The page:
When Buckingham Palace finally broke its silence on the allegations made by the Duke and Duchess of Sussex in their bombshell interview, royal observers paid particular attention to one line of the palace statement: “While some recollections may vary, they are taken very seriously and will be addressed by the family privately.”
Harry and Meghan are clearly very upset at how they’ve been treated. They would clearly like some kind of resolution. And they clearly felt that they had exhausted all formal options for getting that, and could only get their side of the story across by sitting down with the most famous interviewer on the planet.
However, the fact that the palace has said this matter will be dealt with privately raises some pretty serious questions about how individuals who believe they’ve been wronged by the royals can possibly hold them to account.
It’s obvious that Harry and Meghan sincerely feel that they’ve been mistreated by members of the family and would like a resolution,” says Marcia Moody, a royal biographer and journalist. “Unfortunately, their ultra-open style has collided with an institution that lives by the rule of never complain, never explain. They will probably never get that resolution.”
Part of the problem is that the royal family is several things at once. It is a family business, a private family and a constitutional monarchy. It employs people, upholds parts of the UK’s constitution and tries to maintain support among the public to justify its existence. It does this while being fair game for the media and trying to maintain some kind of private life.
These conflicting realities create some strange precedents, especially when it comes to holding the family to account.
“If a royal aide complains that they have been bullied by the Duchess, then they can raise it with their boss and it goes up the chain of command. But how the Duchess might complain about a racist comment from a member of her own family is of course a far more complicated problem,” says Catherine Haddon, senior fellow at the Institute for Government.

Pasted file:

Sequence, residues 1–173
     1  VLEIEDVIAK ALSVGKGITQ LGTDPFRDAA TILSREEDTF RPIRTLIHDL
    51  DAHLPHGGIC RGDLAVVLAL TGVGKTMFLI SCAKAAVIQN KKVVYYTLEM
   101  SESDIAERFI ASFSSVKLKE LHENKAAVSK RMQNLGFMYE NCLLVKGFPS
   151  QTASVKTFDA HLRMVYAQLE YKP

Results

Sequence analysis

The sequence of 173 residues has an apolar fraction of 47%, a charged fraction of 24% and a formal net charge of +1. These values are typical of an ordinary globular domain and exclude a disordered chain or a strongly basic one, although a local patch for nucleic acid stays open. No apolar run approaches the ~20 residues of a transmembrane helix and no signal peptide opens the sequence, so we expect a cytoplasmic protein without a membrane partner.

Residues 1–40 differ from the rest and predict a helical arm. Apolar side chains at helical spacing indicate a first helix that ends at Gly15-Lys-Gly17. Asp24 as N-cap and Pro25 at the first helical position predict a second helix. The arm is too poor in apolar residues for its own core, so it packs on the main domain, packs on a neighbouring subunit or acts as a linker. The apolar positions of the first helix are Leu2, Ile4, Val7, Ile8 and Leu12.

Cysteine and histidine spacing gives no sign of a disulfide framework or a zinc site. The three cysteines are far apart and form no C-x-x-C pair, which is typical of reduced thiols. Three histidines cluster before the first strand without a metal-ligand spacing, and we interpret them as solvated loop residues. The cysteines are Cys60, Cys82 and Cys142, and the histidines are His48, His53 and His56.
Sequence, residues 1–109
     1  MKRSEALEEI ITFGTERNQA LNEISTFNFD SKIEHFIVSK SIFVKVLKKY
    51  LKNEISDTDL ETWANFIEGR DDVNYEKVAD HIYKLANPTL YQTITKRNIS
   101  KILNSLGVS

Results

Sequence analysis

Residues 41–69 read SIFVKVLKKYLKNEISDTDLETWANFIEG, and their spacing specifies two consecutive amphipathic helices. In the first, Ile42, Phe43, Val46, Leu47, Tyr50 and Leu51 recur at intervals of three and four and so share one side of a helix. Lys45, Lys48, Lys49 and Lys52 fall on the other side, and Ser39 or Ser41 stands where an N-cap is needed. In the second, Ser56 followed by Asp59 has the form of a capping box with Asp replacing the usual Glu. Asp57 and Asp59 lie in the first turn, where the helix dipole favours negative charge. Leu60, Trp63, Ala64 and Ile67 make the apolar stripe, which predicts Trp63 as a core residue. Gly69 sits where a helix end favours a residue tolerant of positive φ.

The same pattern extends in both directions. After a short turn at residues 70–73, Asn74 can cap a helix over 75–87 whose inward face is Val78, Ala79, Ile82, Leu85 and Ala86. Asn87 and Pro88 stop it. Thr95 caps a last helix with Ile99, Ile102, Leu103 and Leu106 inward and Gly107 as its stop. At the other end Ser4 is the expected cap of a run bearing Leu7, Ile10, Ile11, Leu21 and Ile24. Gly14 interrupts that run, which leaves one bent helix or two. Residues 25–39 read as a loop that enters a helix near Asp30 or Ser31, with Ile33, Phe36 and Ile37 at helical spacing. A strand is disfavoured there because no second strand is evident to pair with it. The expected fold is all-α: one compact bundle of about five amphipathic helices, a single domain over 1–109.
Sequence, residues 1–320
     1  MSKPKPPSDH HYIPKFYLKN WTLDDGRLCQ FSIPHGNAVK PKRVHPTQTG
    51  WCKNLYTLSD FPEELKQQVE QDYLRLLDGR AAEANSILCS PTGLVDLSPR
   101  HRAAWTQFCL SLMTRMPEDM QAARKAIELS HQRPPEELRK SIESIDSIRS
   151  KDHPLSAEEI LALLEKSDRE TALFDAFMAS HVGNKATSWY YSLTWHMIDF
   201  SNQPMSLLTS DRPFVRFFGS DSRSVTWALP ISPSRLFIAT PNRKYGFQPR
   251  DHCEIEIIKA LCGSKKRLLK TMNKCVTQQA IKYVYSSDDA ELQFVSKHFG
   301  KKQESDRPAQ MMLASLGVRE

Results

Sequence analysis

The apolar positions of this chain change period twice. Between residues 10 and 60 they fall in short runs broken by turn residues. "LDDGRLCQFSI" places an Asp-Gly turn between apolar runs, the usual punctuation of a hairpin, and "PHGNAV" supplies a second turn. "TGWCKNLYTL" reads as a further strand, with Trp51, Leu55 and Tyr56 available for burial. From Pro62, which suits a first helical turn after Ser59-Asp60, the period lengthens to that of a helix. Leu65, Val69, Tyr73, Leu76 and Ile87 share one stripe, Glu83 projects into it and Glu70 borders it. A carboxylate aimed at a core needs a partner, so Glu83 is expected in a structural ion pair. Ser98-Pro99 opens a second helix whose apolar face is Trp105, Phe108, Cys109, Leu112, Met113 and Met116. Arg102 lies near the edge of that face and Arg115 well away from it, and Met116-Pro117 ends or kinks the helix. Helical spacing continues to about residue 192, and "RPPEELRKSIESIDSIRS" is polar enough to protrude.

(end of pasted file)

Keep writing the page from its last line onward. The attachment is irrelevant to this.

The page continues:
In other constitutional bodies, there are mechanisms and processes in place for grievances to be aired and played out in public. However, decades of protocol and precedent have left British politicians on the whole uncomfortable to comment on matters concerning the monarchy. Even as US President Joe Biden and presidential envoy John Kerry made public comments on the interview, UK Prime Minister Boris Johnson refused to get involved, saying that he had “spent a long time not commenting” and didn’t “intend to depart from that.” He did, however, feel the need to clarify the level of admiration he had for his boss, the Queen.
The respect for the crown is in itself part of the reason that the public knows so little of what actually goes on behind closed doors.
“Over the past few decades, many areas of government and civil service have come into the public domain and come under scrutiny. But with the royals, deference to the crown means things are generally done on their terms,” says Andrew Blick, a constitutional expert at King’s College London.
Blick explains that there is a “tendency for the monarchy to be exempt from things like freedom of information requests and the declassification of documents,” which don’t become public in the way that things like minutes from government cabinet meetings do. “We will probably never know how the Queen dealt with any of this saga, other than through the odd leaks to the press.”
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